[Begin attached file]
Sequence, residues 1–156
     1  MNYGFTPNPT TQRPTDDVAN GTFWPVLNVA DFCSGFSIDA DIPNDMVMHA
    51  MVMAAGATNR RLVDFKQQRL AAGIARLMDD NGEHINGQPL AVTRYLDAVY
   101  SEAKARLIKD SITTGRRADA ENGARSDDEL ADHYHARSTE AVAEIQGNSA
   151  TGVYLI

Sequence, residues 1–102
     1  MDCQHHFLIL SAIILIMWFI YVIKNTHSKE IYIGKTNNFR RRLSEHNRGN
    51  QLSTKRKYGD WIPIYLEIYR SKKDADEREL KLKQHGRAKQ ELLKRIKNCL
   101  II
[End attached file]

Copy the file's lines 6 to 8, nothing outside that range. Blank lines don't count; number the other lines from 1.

Sequence, residues 1–102
     1  MDCQHHFLIL SAIILIMWFI YVIKNTHSKE IYIGKTNNFR RRLSEHNRGN
    51  QLSTKRKYGD WIPIYLEIYR SKKDADEREL KLKQHGRAKQ ELLKRIKNCL